You say slow play is a pox on golf? Bollocks!
Tim McDonald has continued to bang the drum about the pace-of-play issue in his golf blog, first defending Rory Sabbatini for playing out of turn at the 2005 Booz Allen Classic (pissed as Sabbatini was at Ben "The Snail" Crane's glacial pace) and more recently writing about a Scot named W. Eric Laing, who wrote: "Slow play has become a universal curse in American golf and is talked about on every course in the country."
The Laing quote reminded me of a round I played at Nairn Dunbar Golf Club in the Scottish Highlands this past fall. A guy in our foursome started talking about pace-of-play problems. The more he talked, the faster we played. He was making a passionate argument that there's no problem with slow play. "How can you say that?" I asked. "You read about the 'plague' of slow play all the time, how it's killing the game!
"Bollocks!" he said, walking on to his next shot. "That's not my problem, is it, lad!? Course owners are crying about it but I don't see it. I pay a lot of money to come out and play and I don't want to be hurried along. Look at this course, look at this day - you won't see me hurrying to leave and get back to my wife or the office!"
It occurred to me that, on one level, the guy was right. I hate slow play but POP has become one of those golf industry rallying cries that's really not the problem of the average hacker (unless, of course, you get stuck behind a foursome of Crane clones - but how often does that happen, really?).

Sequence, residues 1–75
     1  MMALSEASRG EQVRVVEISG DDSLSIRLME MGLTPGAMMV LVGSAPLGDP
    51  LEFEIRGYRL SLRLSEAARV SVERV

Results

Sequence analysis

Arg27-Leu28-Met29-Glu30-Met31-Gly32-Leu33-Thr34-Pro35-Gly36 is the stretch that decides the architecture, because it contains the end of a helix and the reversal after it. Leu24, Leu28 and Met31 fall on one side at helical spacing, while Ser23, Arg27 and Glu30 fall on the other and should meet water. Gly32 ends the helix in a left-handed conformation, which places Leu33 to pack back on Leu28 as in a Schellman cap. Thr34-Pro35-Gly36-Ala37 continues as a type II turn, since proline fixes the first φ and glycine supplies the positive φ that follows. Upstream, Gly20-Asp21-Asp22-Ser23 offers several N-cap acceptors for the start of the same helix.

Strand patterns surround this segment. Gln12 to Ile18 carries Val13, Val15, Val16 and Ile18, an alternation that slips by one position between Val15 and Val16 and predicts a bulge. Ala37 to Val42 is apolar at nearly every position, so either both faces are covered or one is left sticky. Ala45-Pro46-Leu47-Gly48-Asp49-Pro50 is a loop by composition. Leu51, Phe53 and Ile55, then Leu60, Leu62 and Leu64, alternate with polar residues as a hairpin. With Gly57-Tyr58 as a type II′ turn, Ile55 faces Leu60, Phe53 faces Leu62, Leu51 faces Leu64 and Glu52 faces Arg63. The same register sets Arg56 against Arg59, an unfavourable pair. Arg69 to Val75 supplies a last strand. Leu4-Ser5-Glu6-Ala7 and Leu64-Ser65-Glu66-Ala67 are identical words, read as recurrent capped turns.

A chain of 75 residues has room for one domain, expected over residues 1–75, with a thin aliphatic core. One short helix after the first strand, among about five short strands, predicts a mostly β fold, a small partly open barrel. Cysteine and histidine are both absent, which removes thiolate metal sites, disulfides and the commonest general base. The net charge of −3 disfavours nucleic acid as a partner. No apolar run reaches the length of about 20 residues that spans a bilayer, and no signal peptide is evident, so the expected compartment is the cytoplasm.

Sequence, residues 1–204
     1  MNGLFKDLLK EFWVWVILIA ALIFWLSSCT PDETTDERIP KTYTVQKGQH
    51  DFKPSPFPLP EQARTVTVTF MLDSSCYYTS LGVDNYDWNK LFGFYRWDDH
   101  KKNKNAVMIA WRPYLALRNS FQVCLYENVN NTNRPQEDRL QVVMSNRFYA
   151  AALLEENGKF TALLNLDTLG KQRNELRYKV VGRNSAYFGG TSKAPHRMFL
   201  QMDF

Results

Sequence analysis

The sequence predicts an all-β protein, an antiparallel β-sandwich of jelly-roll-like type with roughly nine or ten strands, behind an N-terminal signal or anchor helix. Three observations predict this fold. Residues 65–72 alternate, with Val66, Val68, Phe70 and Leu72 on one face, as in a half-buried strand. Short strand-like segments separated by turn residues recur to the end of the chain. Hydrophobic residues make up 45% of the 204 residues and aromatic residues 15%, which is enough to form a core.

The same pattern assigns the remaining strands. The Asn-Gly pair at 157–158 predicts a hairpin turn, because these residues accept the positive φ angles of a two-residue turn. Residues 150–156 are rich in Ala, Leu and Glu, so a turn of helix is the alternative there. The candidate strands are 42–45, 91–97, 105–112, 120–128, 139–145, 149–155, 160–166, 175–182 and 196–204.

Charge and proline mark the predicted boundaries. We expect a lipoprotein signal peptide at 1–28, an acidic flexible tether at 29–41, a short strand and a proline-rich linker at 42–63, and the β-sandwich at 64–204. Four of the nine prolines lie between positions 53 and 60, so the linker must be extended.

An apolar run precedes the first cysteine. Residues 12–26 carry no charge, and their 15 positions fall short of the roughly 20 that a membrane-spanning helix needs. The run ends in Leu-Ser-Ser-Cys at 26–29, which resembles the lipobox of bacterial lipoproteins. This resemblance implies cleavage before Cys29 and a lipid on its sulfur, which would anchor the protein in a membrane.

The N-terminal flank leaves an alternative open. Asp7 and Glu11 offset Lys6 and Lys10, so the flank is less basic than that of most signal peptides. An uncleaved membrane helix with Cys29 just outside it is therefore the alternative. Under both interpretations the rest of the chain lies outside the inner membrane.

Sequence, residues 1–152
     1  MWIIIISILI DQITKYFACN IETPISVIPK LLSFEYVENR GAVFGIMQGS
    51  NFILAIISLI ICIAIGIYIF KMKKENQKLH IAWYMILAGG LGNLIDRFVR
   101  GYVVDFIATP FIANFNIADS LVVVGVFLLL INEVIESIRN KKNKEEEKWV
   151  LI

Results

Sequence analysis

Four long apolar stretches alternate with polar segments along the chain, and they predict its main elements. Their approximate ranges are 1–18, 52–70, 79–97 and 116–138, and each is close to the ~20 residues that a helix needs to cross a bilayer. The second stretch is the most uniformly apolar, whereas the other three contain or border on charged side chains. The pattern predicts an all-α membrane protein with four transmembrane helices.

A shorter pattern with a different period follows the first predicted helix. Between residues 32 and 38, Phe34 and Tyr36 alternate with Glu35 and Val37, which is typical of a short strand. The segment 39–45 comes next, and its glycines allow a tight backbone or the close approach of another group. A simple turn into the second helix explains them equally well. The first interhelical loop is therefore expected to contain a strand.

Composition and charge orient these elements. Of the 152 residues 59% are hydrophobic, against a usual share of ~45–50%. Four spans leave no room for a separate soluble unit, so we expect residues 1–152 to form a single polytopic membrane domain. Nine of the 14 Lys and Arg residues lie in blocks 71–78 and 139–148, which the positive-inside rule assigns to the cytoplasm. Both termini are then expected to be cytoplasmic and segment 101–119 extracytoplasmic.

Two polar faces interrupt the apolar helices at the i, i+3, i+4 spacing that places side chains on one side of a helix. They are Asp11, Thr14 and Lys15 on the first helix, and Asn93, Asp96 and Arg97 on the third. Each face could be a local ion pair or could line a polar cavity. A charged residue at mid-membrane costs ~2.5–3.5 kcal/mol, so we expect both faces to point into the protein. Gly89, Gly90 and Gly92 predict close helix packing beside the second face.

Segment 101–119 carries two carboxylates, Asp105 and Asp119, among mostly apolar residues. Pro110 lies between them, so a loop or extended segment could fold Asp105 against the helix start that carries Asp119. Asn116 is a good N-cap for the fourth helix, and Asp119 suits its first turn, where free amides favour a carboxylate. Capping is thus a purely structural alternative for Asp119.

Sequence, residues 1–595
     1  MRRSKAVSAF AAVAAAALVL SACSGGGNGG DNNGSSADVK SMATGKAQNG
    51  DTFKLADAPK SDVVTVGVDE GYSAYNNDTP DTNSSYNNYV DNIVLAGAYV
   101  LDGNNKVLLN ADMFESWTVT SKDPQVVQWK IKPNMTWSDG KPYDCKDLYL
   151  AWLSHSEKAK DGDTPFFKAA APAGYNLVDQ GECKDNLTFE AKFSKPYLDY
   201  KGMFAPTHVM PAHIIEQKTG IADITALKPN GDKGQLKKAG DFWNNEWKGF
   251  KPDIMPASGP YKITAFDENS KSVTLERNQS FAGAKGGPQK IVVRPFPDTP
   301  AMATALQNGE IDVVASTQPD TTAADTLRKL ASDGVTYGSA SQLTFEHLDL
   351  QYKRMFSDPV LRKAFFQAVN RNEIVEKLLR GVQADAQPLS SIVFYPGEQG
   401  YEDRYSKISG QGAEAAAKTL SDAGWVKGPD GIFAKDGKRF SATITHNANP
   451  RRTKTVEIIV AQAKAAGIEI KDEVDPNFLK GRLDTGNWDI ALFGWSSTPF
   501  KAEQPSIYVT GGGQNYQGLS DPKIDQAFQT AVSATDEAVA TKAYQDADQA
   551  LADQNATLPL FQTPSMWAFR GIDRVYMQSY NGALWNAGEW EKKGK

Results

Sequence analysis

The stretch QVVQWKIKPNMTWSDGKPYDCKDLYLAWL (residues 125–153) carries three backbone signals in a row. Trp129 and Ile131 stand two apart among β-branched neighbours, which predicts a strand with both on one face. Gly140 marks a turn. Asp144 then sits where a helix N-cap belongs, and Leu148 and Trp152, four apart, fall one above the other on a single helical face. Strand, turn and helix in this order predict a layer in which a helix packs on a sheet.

Faster play means more rounds and more profit for course owners. Well, bully for them. But why should we hackers care?
Same goes with growth-of-the-game programs. Bringing more people to the game is admirable. But why should recreational golfers with no stake in the golf industry really care if kids in downtown Detroit learn golf? Equipment makers care (someone has to keep buying their stuff). Club pros care (someone has to keep taking lessons). Owners care (new blood = round$). The pro tours and broadcasters care (someone has to watch).
But maybe my new pal in Scotland was right: A lot of the "problems with the game" just aren't our concern. Golf is great to play and a lot of fun to watch, period. So what's the problem?
Oh, and back to pace of play - on foot, our foursome at Nairn Dunbar finished in well under four hours.
After a lackluster 2004, an Italian magazine asked Sophie Sandolo to pose for a calendar. She'd dabbled in modeling, so the shoot was natural. And while racier than your average golf pics, that too was a natural. "In Europe, when you go to the beach topless, it's not a big deal," she says. Don't let the pretty face make you forget her game. She finished 15th on the 2005 Order of Merit and is looking to a hot 2006, new calendar and all.
In her debut column, Jennifer Mario chats with author John Feinstein about the agony of Q-school (which is the subject of his next book), Tiger ("... a waste of talent in the sense that his role model should not be Michael Jordan, it should be Arthur Ashe."), Michelle Wie ("I always worry about young athletes who are pushed that hard by their parents that early ...") and more.
Innovex Golf is quickly carving out a niche as a company developing interesting clubs for even more interesting prices. By not paying big names to play their products, Innovex is keeping the prices low, yet the quality is up to par. With the cup-face design (CfD) driver, Innovex has a product that may not equal some of the big-name drivers on the market, but for the price it will have many golfers feeling pleased.